When I wanted to contact Dharmesh Shah, CTO of Hubspot yesterday, I couldn’t rely on his normal email. No, for that one day the way to reach Shah [email protected] That’s right. As you may have seen on Twitter, Shah and Kayak CTO Paul English swapped roles for the day, each reporting to the other’s desk to work with the other’s team at the company the other one founded.

Why?

First, I’m sure it was a fun change of pace for everyone involved. But beyond that, it was a chance to bring an outside perspective into both companies. As Shah aptly noted via his Kayak email address:

The coolest part of the thing (for me) was getting to spend time talking to really smart people that are in a different industry.  And, I get to ask really simple questions.

Don’t underestimate the value of simple questions. Companies pay big bucks to bring in young grads as consultants in part for this purpose: to ask the fairly obvious questions that those who’ve been in the trenches too long no longer think to ask.

And English, who came up with the idea for the switch, is big on this premise in general. That’s why he doesn’t hire developers with experience in the travel industry. He sees every hire as the chance to get a new set of eyes.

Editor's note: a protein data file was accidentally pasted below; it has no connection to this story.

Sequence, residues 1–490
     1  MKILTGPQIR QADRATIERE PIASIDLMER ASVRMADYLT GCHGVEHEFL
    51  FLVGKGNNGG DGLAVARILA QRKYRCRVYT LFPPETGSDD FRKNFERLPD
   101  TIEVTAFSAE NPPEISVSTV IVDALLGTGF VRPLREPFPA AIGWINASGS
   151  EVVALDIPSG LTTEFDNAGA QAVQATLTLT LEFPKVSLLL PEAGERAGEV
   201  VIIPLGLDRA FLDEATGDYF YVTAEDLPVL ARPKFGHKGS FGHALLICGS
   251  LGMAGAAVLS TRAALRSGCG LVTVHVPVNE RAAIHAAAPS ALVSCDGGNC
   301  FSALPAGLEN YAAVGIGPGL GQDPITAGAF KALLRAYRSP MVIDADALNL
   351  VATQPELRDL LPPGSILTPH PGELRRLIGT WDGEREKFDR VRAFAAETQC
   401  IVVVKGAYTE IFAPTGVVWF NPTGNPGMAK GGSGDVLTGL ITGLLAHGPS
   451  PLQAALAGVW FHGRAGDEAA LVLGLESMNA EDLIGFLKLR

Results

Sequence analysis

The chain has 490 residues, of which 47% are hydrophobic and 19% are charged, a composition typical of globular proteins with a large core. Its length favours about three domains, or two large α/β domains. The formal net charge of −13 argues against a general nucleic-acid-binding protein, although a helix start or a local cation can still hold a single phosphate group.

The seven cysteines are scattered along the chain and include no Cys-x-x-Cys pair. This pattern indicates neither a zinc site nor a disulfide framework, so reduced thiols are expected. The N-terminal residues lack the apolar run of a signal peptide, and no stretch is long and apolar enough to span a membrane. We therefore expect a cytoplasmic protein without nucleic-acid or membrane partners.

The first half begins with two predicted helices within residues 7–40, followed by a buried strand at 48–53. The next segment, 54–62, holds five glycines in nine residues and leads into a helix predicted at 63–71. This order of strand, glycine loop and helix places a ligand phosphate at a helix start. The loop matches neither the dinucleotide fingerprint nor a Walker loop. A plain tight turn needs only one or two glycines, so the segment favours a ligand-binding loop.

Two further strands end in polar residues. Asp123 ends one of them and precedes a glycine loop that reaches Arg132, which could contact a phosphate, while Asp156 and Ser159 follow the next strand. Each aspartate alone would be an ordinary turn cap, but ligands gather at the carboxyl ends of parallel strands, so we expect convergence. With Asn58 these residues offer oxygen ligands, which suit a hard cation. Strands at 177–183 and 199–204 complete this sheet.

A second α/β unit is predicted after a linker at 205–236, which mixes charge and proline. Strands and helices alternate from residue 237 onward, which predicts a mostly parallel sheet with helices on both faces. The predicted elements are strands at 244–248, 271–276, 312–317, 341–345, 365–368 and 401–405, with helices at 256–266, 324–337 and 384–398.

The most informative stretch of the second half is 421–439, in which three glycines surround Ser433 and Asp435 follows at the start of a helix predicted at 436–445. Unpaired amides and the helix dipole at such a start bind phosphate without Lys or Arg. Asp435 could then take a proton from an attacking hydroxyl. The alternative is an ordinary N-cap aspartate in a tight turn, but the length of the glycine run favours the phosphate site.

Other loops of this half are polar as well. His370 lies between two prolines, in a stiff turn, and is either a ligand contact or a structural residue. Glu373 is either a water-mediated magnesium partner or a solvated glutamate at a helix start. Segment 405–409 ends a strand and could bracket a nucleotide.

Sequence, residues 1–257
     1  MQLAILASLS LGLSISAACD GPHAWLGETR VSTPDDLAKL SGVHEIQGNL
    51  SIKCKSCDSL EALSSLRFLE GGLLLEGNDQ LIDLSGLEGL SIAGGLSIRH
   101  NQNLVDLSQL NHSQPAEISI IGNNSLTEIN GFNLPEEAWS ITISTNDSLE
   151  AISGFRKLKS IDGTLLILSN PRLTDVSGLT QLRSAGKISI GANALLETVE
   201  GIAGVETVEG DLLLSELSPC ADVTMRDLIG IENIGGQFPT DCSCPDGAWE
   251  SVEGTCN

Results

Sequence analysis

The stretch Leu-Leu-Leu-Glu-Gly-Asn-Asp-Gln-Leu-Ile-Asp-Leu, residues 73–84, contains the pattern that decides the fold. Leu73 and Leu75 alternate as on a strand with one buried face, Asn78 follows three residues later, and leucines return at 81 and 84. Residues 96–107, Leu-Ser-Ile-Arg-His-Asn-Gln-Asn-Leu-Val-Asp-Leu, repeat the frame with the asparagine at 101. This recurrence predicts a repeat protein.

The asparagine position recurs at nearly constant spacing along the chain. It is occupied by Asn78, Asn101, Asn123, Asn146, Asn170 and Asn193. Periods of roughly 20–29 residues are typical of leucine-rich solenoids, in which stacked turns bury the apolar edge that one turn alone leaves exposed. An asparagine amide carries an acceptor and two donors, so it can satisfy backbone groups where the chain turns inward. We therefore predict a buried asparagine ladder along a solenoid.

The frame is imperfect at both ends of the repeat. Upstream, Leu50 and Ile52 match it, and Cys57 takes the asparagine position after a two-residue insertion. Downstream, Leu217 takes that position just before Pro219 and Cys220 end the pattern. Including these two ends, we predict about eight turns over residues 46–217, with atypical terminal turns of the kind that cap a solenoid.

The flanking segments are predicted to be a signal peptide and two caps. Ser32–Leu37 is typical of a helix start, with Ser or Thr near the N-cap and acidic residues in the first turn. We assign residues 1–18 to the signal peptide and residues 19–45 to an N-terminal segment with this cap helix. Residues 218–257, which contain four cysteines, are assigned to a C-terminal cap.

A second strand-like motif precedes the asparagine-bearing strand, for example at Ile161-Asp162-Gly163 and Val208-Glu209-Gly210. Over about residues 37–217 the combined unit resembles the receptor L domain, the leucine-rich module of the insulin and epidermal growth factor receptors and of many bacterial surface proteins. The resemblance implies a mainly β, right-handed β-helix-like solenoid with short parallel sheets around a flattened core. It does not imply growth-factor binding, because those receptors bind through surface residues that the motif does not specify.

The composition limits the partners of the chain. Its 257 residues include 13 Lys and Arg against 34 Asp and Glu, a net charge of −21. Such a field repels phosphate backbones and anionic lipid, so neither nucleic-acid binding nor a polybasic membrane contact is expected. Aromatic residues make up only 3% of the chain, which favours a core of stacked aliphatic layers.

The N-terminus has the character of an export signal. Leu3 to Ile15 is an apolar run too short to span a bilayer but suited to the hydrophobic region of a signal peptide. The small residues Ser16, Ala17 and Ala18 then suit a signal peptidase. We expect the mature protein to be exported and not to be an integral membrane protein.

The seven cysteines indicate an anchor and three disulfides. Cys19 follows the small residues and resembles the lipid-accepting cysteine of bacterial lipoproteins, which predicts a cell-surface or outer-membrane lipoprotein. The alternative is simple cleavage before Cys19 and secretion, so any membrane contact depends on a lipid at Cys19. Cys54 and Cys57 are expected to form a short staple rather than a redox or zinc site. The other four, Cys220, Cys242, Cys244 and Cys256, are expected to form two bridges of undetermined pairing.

I asked Shah what his day consisted of. He wrote:

I spent the day at Kayak.  I sat at Paul’s desk here.  Had a bunch of meetings setup with various folks on the Kayak team.  The rest of the time, I’ve been reading/responding to Kayak email and letting people walk up and chat.

Of course, you can’t just step into a CTO role for a day and act as you normally would. But any loss of productivity has to be more than made up for by the boost to morale and the benefit of getting an outside view on some problems. Although Shah did note that he enjoyed seeing the ways the two companies were the same as much as seeing how they were different.

This kind of stuff is part of why everyone in Boston knows and likes these companies, and why people want to work at Hubspot and Kayak. It shows that they’re fun and original, and that their founders are willing to step back from the daily grind of running their business to interact with the broader community. Put simply, Boston needs more of this.

If you don’t believe me and think I’m making too much of the whole thing, take a look at the tweets:

Shah’s email, sent at 5:08pm last night, ended abruptly: “I’m sneaking this email in between meetings.  Need to get back to work  :)”